High-fat diets are dangerous. A couple years ago, a study linked the Atkins diet with inflammation linked with heart and artery disease. Atkins himself was overweight and had heart problems. In addition to heart problems, consuming copious amounts of meat, i.e. saturated fat, and little to no fiber and fruit, heightens risk of colon cancer and other cancers. Recently, hotdogs were tied to leukemia risk and red meat with blindness.

In related news, a previous report showed low-carb high-protein diets sap people’s energy and discourage activity and another study revealed Atkins produced only modest weight-loss results with limited sustainability in the long run. Tisk, tisk.

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Sugary Drinks Heighten Coronary Danger in Women

New research in the American Journal of Clinical Nutrition found women drinking sweetened beverages may have a 35% higher risk of heart disease. For the study, experts evaluated data from nearly 89,000 women without heart problems, stroke or diabetes in 1980, using questionnaires to track dietary habits. After 24 years, researchers documented over 3,000 incidences of fatal and non-fatal coronary artery disease; via Food Navigator.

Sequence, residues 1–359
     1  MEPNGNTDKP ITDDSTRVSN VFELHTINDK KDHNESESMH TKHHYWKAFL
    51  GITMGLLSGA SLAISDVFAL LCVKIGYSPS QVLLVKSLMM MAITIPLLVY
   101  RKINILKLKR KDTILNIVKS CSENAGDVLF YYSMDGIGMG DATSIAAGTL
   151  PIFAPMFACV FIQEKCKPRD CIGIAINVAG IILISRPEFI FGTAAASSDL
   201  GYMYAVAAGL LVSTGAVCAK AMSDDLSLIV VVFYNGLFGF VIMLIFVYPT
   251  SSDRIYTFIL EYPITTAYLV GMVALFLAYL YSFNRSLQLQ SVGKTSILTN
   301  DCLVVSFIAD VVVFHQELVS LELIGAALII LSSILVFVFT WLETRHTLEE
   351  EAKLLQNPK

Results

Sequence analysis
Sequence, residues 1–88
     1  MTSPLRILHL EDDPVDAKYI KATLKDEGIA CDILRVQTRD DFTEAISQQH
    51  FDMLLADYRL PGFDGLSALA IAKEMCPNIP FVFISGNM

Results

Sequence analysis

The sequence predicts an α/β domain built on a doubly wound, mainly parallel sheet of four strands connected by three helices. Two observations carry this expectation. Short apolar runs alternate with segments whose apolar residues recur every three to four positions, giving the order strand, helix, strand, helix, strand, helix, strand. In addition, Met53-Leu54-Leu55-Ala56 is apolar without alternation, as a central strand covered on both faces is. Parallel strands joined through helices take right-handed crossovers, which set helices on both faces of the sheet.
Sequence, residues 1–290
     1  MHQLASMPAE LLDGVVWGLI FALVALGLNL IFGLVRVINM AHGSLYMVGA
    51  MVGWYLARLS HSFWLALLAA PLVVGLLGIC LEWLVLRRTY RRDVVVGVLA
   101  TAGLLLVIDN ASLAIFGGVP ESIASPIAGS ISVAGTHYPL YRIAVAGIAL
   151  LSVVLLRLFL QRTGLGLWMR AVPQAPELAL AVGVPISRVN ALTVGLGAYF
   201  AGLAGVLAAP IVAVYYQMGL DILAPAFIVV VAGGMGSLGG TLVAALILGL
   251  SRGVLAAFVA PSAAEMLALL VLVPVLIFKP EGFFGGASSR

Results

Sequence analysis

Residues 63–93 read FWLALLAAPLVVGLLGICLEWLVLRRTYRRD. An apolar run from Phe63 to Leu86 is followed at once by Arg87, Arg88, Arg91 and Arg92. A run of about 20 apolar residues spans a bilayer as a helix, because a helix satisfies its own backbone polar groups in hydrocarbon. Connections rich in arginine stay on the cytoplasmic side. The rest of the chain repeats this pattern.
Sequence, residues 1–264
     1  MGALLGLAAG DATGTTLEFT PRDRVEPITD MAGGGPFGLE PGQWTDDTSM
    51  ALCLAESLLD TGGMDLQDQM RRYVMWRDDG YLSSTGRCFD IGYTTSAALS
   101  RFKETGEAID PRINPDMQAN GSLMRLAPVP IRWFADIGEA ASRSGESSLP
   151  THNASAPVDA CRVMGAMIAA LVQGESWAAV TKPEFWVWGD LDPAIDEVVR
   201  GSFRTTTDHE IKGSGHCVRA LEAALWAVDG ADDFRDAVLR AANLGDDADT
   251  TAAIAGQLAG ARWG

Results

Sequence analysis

Warning labels have even been suggested for soda, due to probable weight-gain associated with over-consumption. Also, soda has been linked with the gout, a buildup of uric acid, causing arthritis or worse. However, a report this November revealed taking soft drinks out of schools, while good intentioned, doesn’t stop kids from getting their soda fix.

In the past, sweeteners like high fructose corn syrup have raised concern over mercury contamination and sugary drinks’ link to weight-gain and obesity is causing politicians to consider taxes on non-diet soft drinks, such as New York governor David Paterson.

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Infant Fat Linked to Childhood Obesity